Mayors and County Administrator Share Legislative Priorities


BERNALILLO – Local government leaders in the Rio Rancho area are pushing to hold their own elections and get state money for local projects during the next legislative session.

Rio Rancho Mayors Gregg Hull, Jack Torres from Bernalillo and Jo Anne Roake from Corrales, and Sandoval County Administrator Wayne Johnson discussed their legislative priorities Tuesday morning at the Sandoval Economic Alliance breakfast. It was in person at the county administration building and was also streamed live.

Sandoval County

When it comes to brick and mortar projects, Johnson said extending the Volcano Walk to I-40 is the county’s top priority.

Wayne johnson

“We see PDVSA as one of the keys to economic development and growth on the west side of the river,” he said.

The county is also prioritizing a more permanent animal shelter, which Johnson hopes will have an emergency vet clinic.

Third, Sandoval County is requesting state money to add to the funding it already has for a new public safety complex.

“We’ve been chasing the rabbit, so to speak, over the construction costs of this building for two, probably three years,” he said.

County leaders also want to remodel 13the Judicial District Court building to have more courtrooms. To accommodate the growth in cases over the next 15 years, Johnson hopes the sheriff’s office will relocate from the district court to the proposed public safety complex, remodel the vacant space, and have the Sandoval County Magistrate Court relocate. move to the district court building.

Finally, Johnson and the county commission want to remodel the administration building to convert the third floor commission chambers into offices and move the chambers to a new building next to the current administration building for more convenience, security and office space. extended.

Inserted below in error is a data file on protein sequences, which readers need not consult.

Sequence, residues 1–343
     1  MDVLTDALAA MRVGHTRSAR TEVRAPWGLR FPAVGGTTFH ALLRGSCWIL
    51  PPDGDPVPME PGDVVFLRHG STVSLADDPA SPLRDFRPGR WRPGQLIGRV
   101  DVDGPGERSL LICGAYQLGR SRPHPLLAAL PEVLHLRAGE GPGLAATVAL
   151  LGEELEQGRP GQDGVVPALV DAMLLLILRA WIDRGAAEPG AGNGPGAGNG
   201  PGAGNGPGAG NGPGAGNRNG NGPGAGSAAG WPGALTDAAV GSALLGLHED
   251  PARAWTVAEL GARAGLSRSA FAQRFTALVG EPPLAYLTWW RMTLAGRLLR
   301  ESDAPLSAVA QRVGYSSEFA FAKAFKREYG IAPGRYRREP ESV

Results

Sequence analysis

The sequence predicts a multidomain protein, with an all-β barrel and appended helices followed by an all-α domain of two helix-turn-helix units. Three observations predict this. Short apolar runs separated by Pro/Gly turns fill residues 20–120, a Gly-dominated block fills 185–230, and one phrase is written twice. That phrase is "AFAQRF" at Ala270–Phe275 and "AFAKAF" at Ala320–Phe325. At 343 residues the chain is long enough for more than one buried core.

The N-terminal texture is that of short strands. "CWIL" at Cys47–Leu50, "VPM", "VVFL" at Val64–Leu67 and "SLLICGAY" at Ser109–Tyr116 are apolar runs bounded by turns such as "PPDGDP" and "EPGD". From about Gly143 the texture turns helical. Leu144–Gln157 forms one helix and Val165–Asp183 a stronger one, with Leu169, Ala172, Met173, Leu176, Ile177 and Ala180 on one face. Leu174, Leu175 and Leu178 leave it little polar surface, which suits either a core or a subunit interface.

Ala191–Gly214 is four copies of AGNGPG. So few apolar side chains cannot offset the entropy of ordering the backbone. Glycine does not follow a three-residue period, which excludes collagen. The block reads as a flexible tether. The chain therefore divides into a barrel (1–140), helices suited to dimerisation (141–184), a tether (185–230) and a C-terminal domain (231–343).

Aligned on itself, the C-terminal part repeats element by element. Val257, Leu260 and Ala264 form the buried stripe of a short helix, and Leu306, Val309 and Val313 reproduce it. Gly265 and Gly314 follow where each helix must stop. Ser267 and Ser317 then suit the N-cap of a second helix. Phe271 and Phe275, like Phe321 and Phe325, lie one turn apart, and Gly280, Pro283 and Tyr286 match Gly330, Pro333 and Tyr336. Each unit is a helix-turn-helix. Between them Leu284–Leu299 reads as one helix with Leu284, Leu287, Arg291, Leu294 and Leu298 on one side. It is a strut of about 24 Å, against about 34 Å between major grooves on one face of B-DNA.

River ranch

Hull highlighted a long list of project funding requests.

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“The state said they have a silly amount of cash, so we’re going to ask for a silly amount of money, right?” he said.

Among those “requests” are $ 1.8 million for the next phase of Campus Park, $ 1.3 million for the next phase of the Broadmoor Senior Center and multiple requests for public safety vehicles. City leaders are also expecting $ 350,000 to rehabilitate the Sabana Grande Recreation Center.

“It’s a heavily used facility, one of our original buildings, and it really needs some attention right now,” Hull said.

He said the city opposes any legislation that diminishes autonomous authority, including its ability to administer its own elections. He said he was concerned that mixing municipal issues with those of other jurisdictions on a ballot would cause confusion.

“It distresses me a little when we want to pass nonpartisan elections to a partisan elected official to oversee them,” Hull added. “We have done very well with our elections in the last 40 years, so we would like to make sure we continue with that.”

The city’s legislative priorities also include additional mental health resources and money to help public safety workers help people in crisis; have the state continue to waive payments to local governments to make up for lost revenue when the gross food income tax was removed; and allow people who obtained retirement benefits from the Public Employees Retirement Association, especially law enforcement officers, to return to work without losing their benefits.